The Obama administration’s decision to force Catholic institutions to offer free birth control could cost Democrats a chance to retake the House and hold the Senate, amid signs Congressional Republicans will force Democratic lawmakers to take a stand on the matter and GOP challengers will make the decision a campaign issue.
Talk in Washington political circles in recent days has centered on whether Republicans are so focused on the presidency that they might be giving Democrats an opening to take the House.
But growing Catholic anger at the new birth control rule could turn such notions into fantasy. More than any other religious group, Catholics were responsible for handing the House to Republicans in 2010, according to exit polling conducted on Election Day.
Rep. Steve Chabot (R-Ohio) has introduced legislation that would repeal the policy, meaning House Democrats may have to take a vote on the issue. In the Senate, Sen. Rob Portman (R-Ohio) sent a letter to Attorney General Holder asserting that the provision violates the 1993 Religious Freedom Restoration Act and calling on Holder to block it from being implemented.
House Speaker John Boehner and House Minority Leader Nancy Pelosi have drawn clear lines in the battle, with Boehner suggesting the rule violates the Constitution and Pelosi calling it “a very courageous decision.” Both are Catholics.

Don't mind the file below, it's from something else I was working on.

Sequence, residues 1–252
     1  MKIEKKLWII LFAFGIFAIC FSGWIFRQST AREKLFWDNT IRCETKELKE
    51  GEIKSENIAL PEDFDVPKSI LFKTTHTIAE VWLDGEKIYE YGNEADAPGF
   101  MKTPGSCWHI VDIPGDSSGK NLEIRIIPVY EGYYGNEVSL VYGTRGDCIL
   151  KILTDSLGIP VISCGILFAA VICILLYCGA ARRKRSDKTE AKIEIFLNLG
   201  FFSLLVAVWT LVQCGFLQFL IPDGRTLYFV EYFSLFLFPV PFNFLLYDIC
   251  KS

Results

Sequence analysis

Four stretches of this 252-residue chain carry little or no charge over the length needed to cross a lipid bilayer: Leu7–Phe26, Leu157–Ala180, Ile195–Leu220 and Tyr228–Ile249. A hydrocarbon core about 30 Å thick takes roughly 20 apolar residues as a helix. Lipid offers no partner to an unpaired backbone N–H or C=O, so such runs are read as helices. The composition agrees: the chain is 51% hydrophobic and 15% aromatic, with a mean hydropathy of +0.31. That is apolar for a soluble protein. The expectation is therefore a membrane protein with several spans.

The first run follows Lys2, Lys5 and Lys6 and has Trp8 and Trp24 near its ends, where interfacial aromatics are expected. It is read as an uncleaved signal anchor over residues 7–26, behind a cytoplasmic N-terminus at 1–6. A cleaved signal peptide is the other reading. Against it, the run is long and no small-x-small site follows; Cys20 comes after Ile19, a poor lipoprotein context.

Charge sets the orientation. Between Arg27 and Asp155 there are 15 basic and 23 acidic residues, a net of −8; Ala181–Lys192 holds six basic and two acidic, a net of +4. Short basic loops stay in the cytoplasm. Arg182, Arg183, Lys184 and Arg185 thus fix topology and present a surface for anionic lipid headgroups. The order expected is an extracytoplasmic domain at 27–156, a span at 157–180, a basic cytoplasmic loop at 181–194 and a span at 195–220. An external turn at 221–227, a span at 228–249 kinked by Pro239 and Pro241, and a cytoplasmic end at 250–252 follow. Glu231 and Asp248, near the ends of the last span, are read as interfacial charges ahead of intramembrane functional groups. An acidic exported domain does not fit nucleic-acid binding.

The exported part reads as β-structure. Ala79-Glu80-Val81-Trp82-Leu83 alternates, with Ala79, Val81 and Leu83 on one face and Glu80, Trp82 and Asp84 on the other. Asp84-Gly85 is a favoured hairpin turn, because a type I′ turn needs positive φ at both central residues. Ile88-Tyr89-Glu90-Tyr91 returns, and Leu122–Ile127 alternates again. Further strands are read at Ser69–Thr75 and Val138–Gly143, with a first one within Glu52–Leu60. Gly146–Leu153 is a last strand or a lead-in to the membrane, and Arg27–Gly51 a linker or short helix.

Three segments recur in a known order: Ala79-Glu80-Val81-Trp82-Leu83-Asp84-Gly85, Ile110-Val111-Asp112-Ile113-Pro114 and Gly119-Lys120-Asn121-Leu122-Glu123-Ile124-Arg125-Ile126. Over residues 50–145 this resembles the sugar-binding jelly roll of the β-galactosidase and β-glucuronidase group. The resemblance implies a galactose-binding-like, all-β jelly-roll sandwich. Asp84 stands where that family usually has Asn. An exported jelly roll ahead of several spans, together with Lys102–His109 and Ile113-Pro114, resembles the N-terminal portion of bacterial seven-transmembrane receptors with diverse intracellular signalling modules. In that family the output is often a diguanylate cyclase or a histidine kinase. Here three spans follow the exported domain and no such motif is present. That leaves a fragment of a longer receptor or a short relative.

The inboxes and letterboxes of lawmakers are about to be flooded following a call on Sunday by Catholic clergy for the faithful to write their members of Congress to protest the rule.
Meanwhile, the issue is spreading to the campaign trail. Conservative George Demos, a Republican contender to challenge Rep. Tim Bishop (D-NY), on Monday launched a petition to “get Bishop to oppose the ObamaCare mandate forcing Catholic charities and hospitals to provide abortion-inducing drugs – an outrageous violation of their religious freedom.”
Catholics will probably play the lead role among religious groups in determining whether Republicans keep the House and possibly secure control of the Senate.
According to Pew Research, House Republicans gained twelve percentage points among Catholics in 2010, raking in 54 percent of the vote compared to 42 percent in 2008. Catholic support for Democrats dropped from 55 percent to 44 percent.
In the most recent political test of the importance of the Catholic vote, Catholics played a decisive role in the unlikely capture of a New York City House seat last September by a Republican. GOP Rep. Bob Turner won a special election to succeed former Rep. Anthony Weiner (D-NY), in part by attracting close to two thirds of Catholic voters, according to polling.